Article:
Israel closes off parts of Hebron

Media reports say order is part of preparations to evict Jewish settlers.

    Settler families have occupied a building they call the 'house of peace' since March 2007 [AFP]

    Clashes frequently occur between both sides due to the enclave in Hebron [AFP]
    Thirteen settler families, who have been facing eviction for 18 months, have vowed to resist an Israeli court order to leave the building in Hebron that they insist they bought from Palestinians.

    The settler families have occupied the building, which they call the "house of peace", since March 2007.

    The order was issued after a day of violence in Hebron, in which 20 Palestinians and 18 Israelis were injured, according to the Israeli media.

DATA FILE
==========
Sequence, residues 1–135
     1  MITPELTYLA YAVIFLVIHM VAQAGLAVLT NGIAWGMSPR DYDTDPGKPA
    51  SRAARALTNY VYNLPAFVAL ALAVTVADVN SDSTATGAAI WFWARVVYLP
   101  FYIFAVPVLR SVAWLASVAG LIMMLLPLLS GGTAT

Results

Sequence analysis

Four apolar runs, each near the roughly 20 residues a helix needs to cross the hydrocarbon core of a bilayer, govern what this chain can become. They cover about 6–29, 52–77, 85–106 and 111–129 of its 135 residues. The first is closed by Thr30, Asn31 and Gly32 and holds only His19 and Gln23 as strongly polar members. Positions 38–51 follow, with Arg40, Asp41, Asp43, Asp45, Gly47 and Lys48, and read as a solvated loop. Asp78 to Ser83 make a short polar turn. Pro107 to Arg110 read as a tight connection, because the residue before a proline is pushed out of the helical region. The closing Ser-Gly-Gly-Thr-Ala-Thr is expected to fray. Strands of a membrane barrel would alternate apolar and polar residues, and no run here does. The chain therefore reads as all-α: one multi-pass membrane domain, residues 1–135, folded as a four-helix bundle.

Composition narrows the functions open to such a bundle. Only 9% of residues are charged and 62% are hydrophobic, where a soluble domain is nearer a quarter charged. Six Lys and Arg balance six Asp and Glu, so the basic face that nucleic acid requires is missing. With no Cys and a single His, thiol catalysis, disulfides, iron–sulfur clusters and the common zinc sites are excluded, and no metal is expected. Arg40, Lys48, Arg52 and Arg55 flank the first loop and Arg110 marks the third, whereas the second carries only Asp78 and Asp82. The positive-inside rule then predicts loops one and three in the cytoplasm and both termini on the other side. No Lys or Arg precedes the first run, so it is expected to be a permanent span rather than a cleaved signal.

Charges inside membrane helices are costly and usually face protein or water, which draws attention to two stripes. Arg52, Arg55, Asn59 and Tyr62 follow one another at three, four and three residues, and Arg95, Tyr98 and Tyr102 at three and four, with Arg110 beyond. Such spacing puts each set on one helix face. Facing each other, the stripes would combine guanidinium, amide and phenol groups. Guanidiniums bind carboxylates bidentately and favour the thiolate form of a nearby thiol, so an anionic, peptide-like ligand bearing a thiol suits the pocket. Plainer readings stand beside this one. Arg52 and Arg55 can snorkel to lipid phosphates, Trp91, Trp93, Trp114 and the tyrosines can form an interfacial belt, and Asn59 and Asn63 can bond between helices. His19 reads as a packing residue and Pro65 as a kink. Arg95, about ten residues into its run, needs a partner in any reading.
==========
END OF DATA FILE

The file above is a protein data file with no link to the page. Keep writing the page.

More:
Settlers and Palestinians on Monday threw stones at each other, at least two cars belonging to Palestinians were set ablaze in what the Israeli army described as a "riot" and graves at a Muslim cemetery were desecrated.

    Clashes frequently occur between both sides because of a settler enclave established in the heart of Hebron and a further 6,500-strong settlement living in Kiryat Arba on the outskirts of the city.

    SOURCE: Agencies


    'We will cut your throats': The anatomy of Greece's lynch mobs

    The brutality of Greece's racist lynch mobs

    With anti-migrant violence hitting a fever pitch, victims ask why Greek authorities have carried out so few arrests.

    The rise of Pakistan's 'burger' generation

    The rise of Pakistan's 'burger' generation

    How a homegrown burger joint pioneered a food revolution and decades later gave a young, politicised class its identity.

    From Cameroon to US-Mexico border: 'We saw corpses along the way'

    'We saw corpses along the way'

    Kombo Yannick is one of the many African asylum seekers braving the longer Latin America route to the US.